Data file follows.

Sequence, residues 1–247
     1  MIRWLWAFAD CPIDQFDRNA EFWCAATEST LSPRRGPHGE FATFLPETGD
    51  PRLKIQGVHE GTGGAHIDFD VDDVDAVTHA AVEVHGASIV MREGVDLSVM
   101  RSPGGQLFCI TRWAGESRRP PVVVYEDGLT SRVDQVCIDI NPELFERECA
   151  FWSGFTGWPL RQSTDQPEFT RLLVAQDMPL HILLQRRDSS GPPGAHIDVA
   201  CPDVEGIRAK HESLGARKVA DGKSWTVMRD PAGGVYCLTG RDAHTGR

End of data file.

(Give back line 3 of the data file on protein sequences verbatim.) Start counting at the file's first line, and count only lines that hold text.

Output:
    51  PRLKIQGVHE GTGGAHIDFD VDDVDAVTHA AVEVHGASIV MREGVDLSVM